Jonathan Racine will forever remember May 27, 2012.
It was on that night he helped the Shawinigan Cataractes complete a truly remarkable run by defeating the London Knights 2-1 in overtime to capture the 2012 Memorial Cup in front of a noisy sellout crowd of 5,250 at the Centre Bionest.
“It was an unbelievable feeling to win the Memorial Cup in front of our fans,” said Racine, who’s now a defenceman with the Moncton Wildcats. “They never won anything in 43 years in Shawinigan. The people there waited a long time for their first championship so I was really happy for them.
“It’s the toughest trophy in hockey to win. To win it on home ice in front of our fans, it was an incredible experience.”
Moncton acquired Racine, goaltender Alex Dubeau and left winger Yannick Veilleux from Shawinigan this summer. They were part of the blockbuster deal that sent defenceman Brandon Gormley to the Cataractes midway through last season in the Quebec Major Junior Hockey League.
The deal worked out perfectly for the Cataractes as Gormley contributed heavily in helping them capture the 2012 Memorial Cup. Now, it’s the Wildcats turn to benefit with the arrival of three impact veterans who should help them become one of the league’s top championship contenders this season.
“The Memorial Cup is arguably the toughest trophy to win in hockey,” said Moncton head coach and director of hockey operations Danny Flynn. “They were fortunate to achieve that in Shawinigan. They had a unique season of highs and lows. There was a great deal of pressure on them being the Memorial Cup host team.
“They lost in the second round of the playoffs and had a one-month break before the Memorial Cup. They lost the opening game of the Memorial Cup and their fans booed them off the ice. Then one week later they were celebrating winning the national championship. Shawinigan was given a second chance and they took advantage of it.
“Alex Dubeau, Jonathan Racine and Yannick Veilleux obviously grew both as people and players by going through that experience there. They’re going to bring so much to our team both on the ice and in terms of leadership. If we’re going to have success this season, I think they’re going to have to be an important part of it.”
Racine reflected on the roller coaster ride in Shawinigan last season.
Our fans expected a lot from us and we didn’t play up to our potential in the playoffs,” he said. “We did a month of hard practices after losing in the second round. We were the underdog going into the Memorial cup, but we knew in our hearts that we had a great team that could surprise people.”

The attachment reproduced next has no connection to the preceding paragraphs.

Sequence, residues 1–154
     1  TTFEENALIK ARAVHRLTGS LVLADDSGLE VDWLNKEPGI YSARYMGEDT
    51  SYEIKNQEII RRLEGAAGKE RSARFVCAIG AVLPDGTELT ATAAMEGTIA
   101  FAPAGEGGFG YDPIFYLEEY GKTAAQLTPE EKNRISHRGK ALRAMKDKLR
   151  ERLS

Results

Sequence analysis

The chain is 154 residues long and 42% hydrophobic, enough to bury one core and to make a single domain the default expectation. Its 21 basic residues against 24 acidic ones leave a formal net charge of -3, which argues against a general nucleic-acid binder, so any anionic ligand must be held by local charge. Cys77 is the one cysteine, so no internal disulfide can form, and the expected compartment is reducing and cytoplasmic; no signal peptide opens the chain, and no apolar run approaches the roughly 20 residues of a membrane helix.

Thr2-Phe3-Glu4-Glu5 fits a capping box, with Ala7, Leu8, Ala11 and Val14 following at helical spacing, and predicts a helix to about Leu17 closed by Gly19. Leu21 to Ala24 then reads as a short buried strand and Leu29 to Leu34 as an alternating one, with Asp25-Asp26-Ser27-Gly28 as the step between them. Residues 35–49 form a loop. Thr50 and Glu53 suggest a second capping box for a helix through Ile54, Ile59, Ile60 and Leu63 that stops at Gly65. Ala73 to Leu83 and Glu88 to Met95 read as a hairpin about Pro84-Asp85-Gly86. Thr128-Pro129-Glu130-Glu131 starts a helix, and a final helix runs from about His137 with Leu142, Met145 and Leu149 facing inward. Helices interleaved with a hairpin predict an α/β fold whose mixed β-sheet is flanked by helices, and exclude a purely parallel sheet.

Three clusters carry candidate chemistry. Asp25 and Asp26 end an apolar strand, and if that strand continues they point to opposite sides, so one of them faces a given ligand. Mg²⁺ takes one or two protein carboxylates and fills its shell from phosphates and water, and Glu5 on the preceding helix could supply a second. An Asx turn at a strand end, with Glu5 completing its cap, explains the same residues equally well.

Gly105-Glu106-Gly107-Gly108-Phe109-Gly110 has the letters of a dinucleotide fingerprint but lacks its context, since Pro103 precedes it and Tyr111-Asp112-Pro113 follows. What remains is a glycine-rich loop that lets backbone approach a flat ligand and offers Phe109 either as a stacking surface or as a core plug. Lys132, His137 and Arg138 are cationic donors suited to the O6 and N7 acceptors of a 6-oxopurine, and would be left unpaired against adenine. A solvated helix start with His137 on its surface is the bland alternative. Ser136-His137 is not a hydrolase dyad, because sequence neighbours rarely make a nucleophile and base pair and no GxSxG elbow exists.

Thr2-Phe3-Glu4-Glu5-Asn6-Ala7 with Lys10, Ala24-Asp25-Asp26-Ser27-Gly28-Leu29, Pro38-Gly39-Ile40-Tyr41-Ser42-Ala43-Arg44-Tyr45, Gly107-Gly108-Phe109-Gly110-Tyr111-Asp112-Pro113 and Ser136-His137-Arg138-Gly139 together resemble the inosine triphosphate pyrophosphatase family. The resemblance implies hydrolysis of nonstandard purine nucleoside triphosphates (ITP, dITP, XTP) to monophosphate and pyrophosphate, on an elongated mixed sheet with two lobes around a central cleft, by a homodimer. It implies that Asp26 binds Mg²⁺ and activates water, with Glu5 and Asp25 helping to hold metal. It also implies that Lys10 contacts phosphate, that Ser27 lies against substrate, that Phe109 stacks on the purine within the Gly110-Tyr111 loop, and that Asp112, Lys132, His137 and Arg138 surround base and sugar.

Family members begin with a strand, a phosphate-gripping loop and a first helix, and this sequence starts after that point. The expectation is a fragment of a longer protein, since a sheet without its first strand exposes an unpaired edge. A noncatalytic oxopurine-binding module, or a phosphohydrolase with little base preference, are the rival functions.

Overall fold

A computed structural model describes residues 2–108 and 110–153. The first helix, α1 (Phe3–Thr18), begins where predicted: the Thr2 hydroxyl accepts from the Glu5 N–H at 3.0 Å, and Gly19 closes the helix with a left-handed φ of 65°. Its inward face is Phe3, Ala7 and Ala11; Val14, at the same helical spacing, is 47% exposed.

Racine, 19, is a fourth-year veteran who was a top three defenceman in Shawinigan last season. The 6-foot-2, 189-pound youngster was claimed in the first round, eighth overall, in the 2009 QMJHL draft and although he’s not flashy he’s very effective.
He had 13 points, including three goals, in 61 games last season. The Florida Panthers took him in the third round in the 2011 National Hockey League draft.
“I think he would be regarded by a lot of people as one of the premier defensive defencemen in the league,” said Flynn. “He was very important for Shawinigan in that shutdown role against the opposition’s top lines. He’s one of the most physical defencemen in the league for sure.
“In Shawinigan, he played behind Brandon Gormley and Morgan Ellis in a lot of offensive situations in the second half last season. We’re going to give him more of an opportunity to play an offensive role and I think he will respond to that.”
The Gormley trade to Shawinigan was completed when Moncton acquired Racine, Dubeau and Veilleux in June.
“Gormley was a big part of us winning the Memorial Cup,” said Racine. “He called me after it was announced that I was going to Moncton. He told me lots of good things about Moncton and the Wildcats organization. I was looking forward to coming here.
“I spent three seasons in Shawinigan and I had a great time there. Now, this is a change for me and I’m enjoying it. It’s another type of atmoshpere in the Maritimes. The guys on the team are together all the time and we do lots of activities together away from hockey. It’s a family atmosphere. It’s fun.”
“Racine talked about last season’s experience in Shawinigan and how it helped him develop as a player. He believes that he gained more poise as a result of playing in so many games where the stakes were high.
“I learned to play in pressure situations,” he said. “I think it helped me be more calm. I played with great players and against the best teams in the country so that forced me to bring my game to a higher level. I gained a lot of maturity last season.
“I’m trying to bring what I learned in Shawinigan with me to Moncton. We have the same goal here of winning the Memorial Cup. I feel fortunate that I came to another good team that has a chance to win a championship.”
Racine compares himself to Willie Mitchell of the Los Angeles Kings.
“He’s a good defensive defenceman, he plays aggressive and he makes a good first pass,” he said. “That’s my style of play. I’m a physical defenceman and I take pride in my defensive play. I’m used to playing against first lines.”